Desperate Housewives creator breaks surprising news about Work Out’s Doug Blasdell

Surprising news emerged yesterday, almost five years after the death of Work Out cast member Doug Blasdell: He inspired a character on Desperate Housewives, as he was the trainer of its creator, Marc Cherry, and actually died at Cherry’s house from salmonella poisoning.

Doug died in 2007 and all we learned back then was that he was being treated for a brain tumor; the direct cause of death wasn’t mentioned. The show’s star, Jackie Warner, didn’t want to exploit Doug’s death on her series, Bravo did just that, as did Andy Cohen in a blog post, back when he was only known as a blogger. The reaction all around, both in the episode and in promotion of it, was pretty disgraceful.

Yesterday, Cherry revealed that Doug died at his house during a session at the Television Critics Association’s winter press tour to promote the conclusion of Desperate Housewives. The show’s 100th episode featured the characters reminiscing about the death of a handyman character played by Beau Bridges. Here’s what Cherry said:

“The 100th episode with Beau Bridges was very, very wonderful on about every kind of level from the moment we came up with the idea. … I had a trainer named Doug Blasdell. He was featured on the TV show ‘Work Out.’ And while he was staying in my home, he passed away from salmonella poisoning. And Doug was such an amazingly sweet and wonderful person, and everyone whose lives he’s touched, he had this effect on. And for about since he had passed away it was about, I think, a year I had been wanting to do an episode about someone who can kind of come into your life and just change and touch and give so much to but we sometimes don’t notice them. And so the fact that I was able to write this episode with Bob about it was Beau Bridges, but it was really about my friend Doug Blasdell, was wonderful and the fact it turned out so well and it was our 100th episode. And I was like best 100th episode ever. I was really proud of that one.”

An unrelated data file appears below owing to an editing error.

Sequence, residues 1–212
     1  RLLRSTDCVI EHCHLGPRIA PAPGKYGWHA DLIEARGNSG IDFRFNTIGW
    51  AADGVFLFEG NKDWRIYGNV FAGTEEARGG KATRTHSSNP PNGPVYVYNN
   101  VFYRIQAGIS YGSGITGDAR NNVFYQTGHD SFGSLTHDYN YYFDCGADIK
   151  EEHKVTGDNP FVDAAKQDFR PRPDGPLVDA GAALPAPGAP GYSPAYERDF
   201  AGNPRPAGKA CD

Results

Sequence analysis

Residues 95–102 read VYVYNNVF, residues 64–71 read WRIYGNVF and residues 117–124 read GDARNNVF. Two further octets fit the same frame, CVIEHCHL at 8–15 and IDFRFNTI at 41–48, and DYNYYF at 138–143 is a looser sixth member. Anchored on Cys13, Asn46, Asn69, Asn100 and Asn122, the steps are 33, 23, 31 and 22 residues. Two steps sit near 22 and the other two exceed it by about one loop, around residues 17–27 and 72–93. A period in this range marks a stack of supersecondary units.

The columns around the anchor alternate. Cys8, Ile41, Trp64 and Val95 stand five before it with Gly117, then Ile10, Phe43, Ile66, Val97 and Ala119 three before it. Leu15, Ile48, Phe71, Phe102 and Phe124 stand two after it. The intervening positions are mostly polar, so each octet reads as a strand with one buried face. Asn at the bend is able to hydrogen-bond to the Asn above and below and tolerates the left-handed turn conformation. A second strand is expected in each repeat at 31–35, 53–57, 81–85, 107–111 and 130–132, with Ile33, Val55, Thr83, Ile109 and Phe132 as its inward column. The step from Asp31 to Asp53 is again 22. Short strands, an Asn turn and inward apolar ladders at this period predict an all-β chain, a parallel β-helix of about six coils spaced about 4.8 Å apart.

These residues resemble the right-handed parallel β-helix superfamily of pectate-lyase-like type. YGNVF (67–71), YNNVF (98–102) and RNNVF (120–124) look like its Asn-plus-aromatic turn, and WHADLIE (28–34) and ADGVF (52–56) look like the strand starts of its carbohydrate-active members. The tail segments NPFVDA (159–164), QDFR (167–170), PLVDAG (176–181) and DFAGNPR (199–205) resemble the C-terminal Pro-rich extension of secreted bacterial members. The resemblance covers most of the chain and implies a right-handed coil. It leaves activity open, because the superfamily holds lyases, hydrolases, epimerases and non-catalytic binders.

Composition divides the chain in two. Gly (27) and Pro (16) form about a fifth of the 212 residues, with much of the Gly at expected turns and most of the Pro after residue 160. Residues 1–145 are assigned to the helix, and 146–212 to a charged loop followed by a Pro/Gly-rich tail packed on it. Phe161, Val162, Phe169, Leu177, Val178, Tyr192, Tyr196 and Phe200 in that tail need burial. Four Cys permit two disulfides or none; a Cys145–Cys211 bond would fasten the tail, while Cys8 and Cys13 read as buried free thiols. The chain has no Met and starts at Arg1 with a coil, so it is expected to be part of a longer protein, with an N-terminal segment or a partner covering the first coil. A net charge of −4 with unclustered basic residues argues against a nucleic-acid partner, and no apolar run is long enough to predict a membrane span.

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about the writer

Andy Dehnart is a journalist who has covered reality television for more than 15 years and created reality blurred in 2000. A member of the Television Critics Association, his writing and criticism about television, culture, and media has appeared on NPR and in Playboy, Buzzfeed, and many other publications. Andy, 36, also directs the journalism program at Stetson University in Florida, where he teaches creative nonfiction and journalism. He has an M.F.A. in nonfiction writing and literature from Bennington College. More about reality blurred and Andy.